The coronavirus pandemic fundamentally changed every aspect of my life, but it had the biggest impact on my friendships. During the pandemic, I lost one of my longest friendships.
I’ve had the same group of friends since I was a freshman in high school. I sometimes joked that we were the three amigos because if you saw one the others weren’t far behind. I thought we were inseparable.
We had our share of disagreements, but we always seemed to find our way back to each other. When this pandemic started, I didn’t think it would harm my longest friendship.
At first, the pandemic helped me grow closer to this friend. We spent hours talking on FaceTime, texting and planning out our post-college lives. I told her things I had never told anyone outside of my family. While the fate of the world was uncertain, I had her.
Then it all started to go downhill.
I talked to her for the last time on Christmas Eve. She FaceTimed me that day because my ex-boyfriend contacted her trying to get in contact with me. The conversation did get intense as we both expressed what the next course of action should be.
However, by the time the conversation ended, I thought everything was fine. I reached out to her on New Year’s Eve and got no response. I didn’t think much of it as I figured she was busy doing something to celebrate the new year.
But as January came and went, I noticed we hadn’t spoken in a while. I decided to reach out again. To this day I never got a response.
I was upset she wasn’t talking to me. I tried to rationalize her actions thinking maybe she was too busy to respond. After a month of doing that, I started to lose hope she would ever talk to me again, but couldn’t understand why. The question “what did I do” was constantly in my mind.
One day, my insecurities got the best of me. I broke down and cried, grieving the friendship we once shared. I felt upset and angry that she wouldn’t talk to me. People around me gave me words of encouragement, but I still wasn’t feeling better. I became so upset that I deleted every trace of her I had on my phone—photos, contact information, everything was gone.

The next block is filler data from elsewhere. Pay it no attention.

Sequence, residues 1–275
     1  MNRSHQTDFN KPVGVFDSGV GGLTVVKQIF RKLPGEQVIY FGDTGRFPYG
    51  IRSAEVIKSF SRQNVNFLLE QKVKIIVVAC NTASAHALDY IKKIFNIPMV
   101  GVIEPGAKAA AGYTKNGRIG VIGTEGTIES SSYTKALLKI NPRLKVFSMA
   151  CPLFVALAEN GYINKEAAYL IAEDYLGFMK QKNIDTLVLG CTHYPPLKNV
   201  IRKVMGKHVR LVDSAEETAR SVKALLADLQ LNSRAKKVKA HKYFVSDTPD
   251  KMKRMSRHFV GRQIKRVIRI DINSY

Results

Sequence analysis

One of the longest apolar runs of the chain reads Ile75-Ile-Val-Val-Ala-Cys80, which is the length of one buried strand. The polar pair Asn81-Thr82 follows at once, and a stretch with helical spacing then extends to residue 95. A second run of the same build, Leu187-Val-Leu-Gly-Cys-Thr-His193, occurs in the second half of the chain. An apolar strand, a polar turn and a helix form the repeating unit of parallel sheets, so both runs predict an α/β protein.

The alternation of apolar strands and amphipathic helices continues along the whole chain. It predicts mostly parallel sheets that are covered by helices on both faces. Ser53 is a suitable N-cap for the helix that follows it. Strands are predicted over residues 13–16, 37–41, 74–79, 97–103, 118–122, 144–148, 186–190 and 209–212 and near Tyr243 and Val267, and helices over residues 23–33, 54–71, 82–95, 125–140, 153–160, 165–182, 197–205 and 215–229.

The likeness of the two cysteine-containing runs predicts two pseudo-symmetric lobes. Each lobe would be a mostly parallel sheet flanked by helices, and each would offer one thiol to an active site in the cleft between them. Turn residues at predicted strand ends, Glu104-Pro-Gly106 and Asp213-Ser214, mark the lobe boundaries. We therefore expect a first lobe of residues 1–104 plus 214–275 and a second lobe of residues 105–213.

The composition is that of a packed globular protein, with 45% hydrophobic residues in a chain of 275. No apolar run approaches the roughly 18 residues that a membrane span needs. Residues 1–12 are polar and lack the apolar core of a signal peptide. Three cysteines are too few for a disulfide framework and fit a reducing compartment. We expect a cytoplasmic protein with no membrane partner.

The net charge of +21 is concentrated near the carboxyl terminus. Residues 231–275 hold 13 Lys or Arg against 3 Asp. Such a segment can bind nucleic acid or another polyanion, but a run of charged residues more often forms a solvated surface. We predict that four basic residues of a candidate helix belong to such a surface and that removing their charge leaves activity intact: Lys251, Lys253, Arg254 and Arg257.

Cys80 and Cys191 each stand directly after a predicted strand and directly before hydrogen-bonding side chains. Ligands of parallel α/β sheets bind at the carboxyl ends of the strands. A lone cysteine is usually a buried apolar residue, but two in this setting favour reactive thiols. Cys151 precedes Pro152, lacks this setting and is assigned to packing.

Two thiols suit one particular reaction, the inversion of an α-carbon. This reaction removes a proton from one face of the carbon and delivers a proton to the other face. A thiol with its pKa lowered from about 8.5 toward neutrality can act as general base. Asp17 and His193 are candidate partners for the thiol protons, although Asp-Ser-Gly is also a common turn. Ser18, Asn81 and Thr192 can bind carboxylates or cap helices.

What helped me start my healing process was prayer. I don’t come from a deeply religious family, but I learned about God at a very early age. When I was 13, my family and I started attending church regularly, and I really enjoyed it.
The lessons I learned from church helped me navigate my feelings and put my worries in the hands of the Lord. I began to ask the Lord for the power to heal and over time I started feeling better.
I tried to maintain our friendship through the pandemic. I tried to keep an open line of communication between the two of us. I also made an effort to respond to texts or phone calls if I missed them and even planned social distanced meet-ups when it was safe to do so. The implications of the pandemic were just too severe for our friendship to handle.
Now, I’m not so upset about what happened. I don’t want a friend that can just up and leave my life without trying to have a conversation and resolve whatever issue they have with me.
I will always cherish the times we spent together. She will always have a special place in my heart, but this situation showed that she wasn’t meant to be in my life forever. As hard as it was to accept that, I’m starting to do just that and I know I will be okay.